If a member of your family has a hearing loss, it affects everyone. Here are some suggestions and frequently asked questions that may help you and your family member communicate better.
Should I shout?
No, this distorts your voice. Face your family member and talk in a normal or slightly louder speaking voice.
What about speaking from different rooms?
Your family member probably cannot hear you, and most likely cannot understand you when you are at a distance, so please do not talk to your family member from another room. Remember to get his or her attention before you start talking. Even individuals with normal hearing may have trouble understanding speech from another room.
Can people with hearing loss tell the direction of sound?
Some hearing-impaired people cannot tell the direction of a sound or voice. This is especially true when the hearing ability of each ear is different, creating an imbalance. When your family member calls you and asks "Where are you?" state the specific room instead of answering "here".
How should I repeat myself when I am not understood?
A hearing-impaired person has difficulty understanding words. Your voice may be audible, but separate words may sound blurred. Rhyming words such as: cat/cap, bread/thread, etc. are extremely difficult to distinguish from each other. When your family member does not understand you the first time you say something, do not repeat the same words. Instead, rephrase the sentence, or choose a different word, so that you may be more easily understood.
How does hearing loss affect the volume of sound?
A hearing loss changes the relative loudness of sound. Your family member may not hear things that are soft to you. Sounds that are comfortable to you may be soft for your family member. Loud or sudden noises, however, may be more uncomfortable or unsettling than for you.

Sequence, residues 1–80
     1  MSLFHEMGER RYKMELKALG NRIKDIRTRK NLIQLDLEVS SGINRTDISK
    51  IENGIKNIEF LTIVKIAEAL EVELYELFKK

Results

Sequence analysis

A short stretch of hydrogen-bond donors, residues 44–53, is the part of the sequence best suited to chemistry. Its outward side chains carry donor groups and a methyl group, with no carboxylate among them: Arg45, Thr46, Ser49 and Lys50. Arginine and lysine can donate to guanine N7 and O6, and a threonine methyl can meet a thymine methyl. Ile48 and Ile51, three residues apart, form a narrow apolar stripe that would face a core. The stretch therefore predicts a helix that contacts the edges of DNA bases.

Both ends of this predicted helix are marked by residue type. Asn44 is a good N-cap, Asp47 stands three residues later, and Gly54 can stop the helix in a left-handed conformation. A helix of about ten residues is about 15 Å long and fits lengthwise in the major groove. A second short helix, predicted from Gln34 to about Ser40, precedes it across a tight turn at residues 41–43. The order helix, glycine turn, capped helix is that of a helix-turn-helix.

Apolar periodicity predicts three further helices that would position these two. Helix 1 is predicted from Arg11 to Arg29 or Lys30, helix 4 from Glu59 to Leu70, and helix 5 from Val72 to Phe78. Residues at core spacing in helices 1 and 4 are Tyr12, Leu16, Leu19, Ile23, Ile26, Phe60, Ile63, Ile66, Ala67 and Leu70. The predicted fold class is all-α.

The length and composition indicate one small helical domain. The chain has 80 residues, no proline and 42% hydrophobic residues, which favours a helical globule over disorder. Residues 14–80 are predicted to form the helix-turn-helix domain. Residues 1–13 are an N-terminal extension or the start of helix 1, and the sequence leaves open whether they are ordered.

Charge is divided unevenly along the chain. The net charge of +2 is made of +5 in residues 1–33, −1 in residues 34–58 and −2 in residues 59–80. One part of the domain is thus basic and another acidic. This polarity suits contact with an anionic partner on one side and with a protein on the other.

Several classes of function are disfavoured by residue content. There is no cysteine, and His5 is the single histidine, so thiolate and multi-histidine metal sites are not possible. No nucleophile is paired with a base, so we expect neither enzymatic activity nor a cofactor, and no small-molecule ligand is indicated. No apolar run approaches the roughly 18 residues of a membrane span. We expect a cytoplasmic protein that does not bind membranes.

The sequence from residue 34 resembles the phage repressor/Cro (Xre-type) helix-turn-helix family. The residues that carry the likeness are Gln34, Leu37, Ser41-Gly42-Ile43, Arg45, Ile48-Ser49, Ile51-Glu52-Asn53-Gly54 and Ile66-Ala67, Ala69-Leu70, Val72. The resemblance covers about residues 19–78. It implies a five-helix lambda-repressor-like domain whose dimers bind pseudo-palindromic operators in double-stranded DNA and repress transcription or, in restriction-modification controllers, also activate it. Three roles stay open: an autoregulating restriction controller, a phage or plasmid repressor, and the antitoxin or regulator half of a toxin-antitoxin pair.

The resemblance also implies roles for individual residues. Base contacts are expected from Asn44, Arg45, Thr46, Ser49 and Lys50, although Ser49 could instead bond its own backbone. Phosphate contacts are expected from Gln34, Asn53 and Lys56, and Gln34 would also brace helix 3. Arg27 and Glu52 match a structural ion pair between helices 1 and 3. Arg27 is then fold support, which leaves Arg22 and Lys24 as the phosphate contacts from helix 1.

Why does hearing loss cause one to speak louder?
Hearing loss can make it difficult for your family member to judge the volume of his/her own voice. Let your family member know when his or her voice may be too loud or too soft.
How do room acoustics affect someone with hearing loss?
Some rooms have better acoustics than others. Empty rooms with hard walls may cause speech to echo, thus making it more difficult to hear and understand what is being said. Your family member also may have difficulty hearing outside, where the sound is dispersed in the air or if wind noise affects the use of hearing aids.
Does fatigue or illness affect hearing?
Yes, your family member may not hear as well as usual when tired or ill. This is because it may be difficult to put as much effort into attempting to understand speech.
Should lip-reading be used?
Even if you do not have formal training in lip-reading, we all utilize visual cues from the speaker to understand what is being said. This is by watching the speaker's face and picking up on the visual cues. Try to converse in well-lit rooms. If glasses are needed, make sure they are used.
What about background noise?
Background noise almost always interferes with the understanding of speech. For people with hearing loss, it probably is the most difficult situation in which to hear. Try to reduce the level of avoidable background noise when conversing. When in a restaurant, the person with a hearing loss should sit with their back against the wall; this helps reduce the interference of background noise. Also, sit at a table away from the kitchen or heavy traffic area. Most hearing aids work best at reducing background noise if the wearer is directly facing their conversation partner, with any noise sources behind them.